Walk this way

When I was online researching what to do during our time in Germany, I came across the American Women’s Club of Cologne, a group of English-speaking ladies that organizes regular meetings, coffees, playdates and such. I emailed for more information and got the goods on this week’s coffee, as well as a couple of mommy and me gatherings. After finding the address for the coffee, hubby offered to help me suss out the location ahead of time so I’d know where I’m going come Thursday’s event. The destination? An upscale coffee shop/bakery called Bastian’s Cafe, within an easy walk of our hotel.

Quick digression: everything is within a quick walk of our hotel. We have not used a car once since getting to Germany. From the airport in Frankfurt, we took the train up to Cologne, then a taxi to our hotel. That’s the only time we’ve been in a car this whole trip. Cologne, like the vast majority of European cities and towns, is extremely walkable, which I love. Everything you need is just a quick stroll away – groceries, restaurants, shops, whatnot. And if it’s not accessible by foot for whatever reason, all you have to do is hop on the tram and get to wherever you need to go that much more quickly.

From our hotel, we can walk to the Dom in the center of town in about 15-20 minutes. There’s so much to see along the way, the journey itself flies by. The streets are built as much for pedestrian traffic as they are for cars. Since the roads here are not laid out in grids as they are in many American cities, finding your way around can be confusing at first. Streets and alleys shoot off of other streets in crazy directions like a maze and it’s easy to get quickly disoriented. I find the best way to go is to simply memorize a few major landmarks. Fortunately, there are city maps posted on kiosks every few blocks or so just in case you hopelessly lose your bearings.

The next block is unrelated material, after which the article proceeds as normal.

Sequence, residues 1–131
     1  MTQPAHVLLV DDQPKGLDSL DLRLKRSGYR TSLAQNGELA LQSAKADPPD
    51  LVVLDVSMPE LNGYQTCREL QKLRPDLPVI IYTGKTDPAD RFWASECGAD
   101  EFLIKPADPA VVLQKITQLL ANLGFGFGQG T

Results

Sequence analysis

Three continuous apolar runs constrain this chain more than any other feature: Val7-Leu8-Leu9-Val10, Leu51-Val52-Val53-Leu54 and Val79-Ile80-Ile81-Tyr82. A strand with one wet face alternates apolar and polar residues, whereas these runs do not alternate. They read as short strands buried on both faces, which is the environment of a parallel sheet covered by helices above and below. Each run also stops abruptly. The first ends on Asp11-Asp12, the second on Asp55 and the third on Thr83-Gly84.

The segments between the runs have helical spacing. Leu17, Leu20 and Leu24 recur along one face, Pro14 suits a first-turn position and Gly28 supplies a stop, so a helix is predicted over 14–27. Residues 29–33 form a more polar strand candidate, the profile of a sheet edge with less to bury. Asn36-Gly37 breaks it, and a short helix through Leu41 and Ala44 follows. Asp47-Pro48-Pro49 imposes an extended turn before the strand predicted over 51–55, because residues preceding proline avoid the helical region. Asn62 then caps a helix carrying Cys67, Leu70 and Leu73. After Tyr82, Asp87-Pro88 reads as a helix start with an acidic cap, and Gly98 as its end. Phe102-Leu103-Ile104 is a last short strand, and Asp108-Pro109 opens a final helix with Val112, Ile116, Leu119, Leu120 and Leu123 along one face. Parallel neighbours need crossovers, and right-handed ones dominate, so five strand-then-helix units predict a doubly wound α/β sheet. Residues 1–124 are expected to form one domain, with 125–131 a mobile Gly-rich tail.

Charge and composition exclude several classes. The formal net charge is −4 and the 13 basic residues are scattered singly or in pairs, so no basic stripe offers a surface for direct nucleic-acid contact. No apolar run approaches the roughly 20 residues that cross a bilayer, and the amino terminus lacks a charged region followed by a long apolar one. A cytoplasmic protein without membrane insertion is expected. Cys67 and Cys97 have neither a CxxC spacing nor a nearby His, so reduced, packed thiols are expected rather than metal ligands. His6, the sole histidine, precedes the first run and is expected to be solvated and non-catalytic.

Bikes are also serious business here. You see all sorts of people riding them, from crunchy granola types to well-dressed women in the latest fashions. There is a bike lane alongside the streets and you’d better stay out of it if you know what’s good for you. We were almost run over a couple of times for not paying attention.

In short, the public transport (especially the train system) and the general walkability of European cities is awesome. If only America could get with the program and realize this, I daresay our obesity problem would quickly diminish. Germans eat some heavy food and drink a LOT of beer, but not many are overweight because exercise is so ingrained in the lifestyle here. I could go on, but that would be a whole other blog entry entirely…

Let’s get back to Bastian’s. This is one of those trendy-bordering-on-snooty coffee shops – a big, light, wide-open space full of heavy wood tables, chrome trim, a spotlessly clean glass counter full of cakes and pastries, and jazzy music playing in the background. The wait staff is all young, attractive and dressed in black. For Indy residents, it was kinda like Taste before the remodel, only much bigger.

We found a seat (table-service only) and checked out the menu of breakfast and lunch fare. Hubby ordered a croissant that came with jam, cheese and butter. I recounted and realized I’d eaten pretty much nothing but bread and sweets the day before, so I ordered the omelet of the day to get some protein and fiber – three eggs with diced zucchini, peppers and feta. It came with a small side salad; hubby and I shared a big basket of fresh-baked bread and rolls. They make their own coffee, too – no machine java here, thank God!

After a horrendous night’s sleep marred by a three-hour stretch of crying, the baby didn’t want to cooperate very much and much to our dismay, started tuning up just as the waiter set our plates down in front of us. Efforts to distract him didn’t help, and we knew our time was limited. Hubby always eats faster than I do, so he ended up wheeling our son out in his stroller, leaving me to finish my omelet and pay the bill.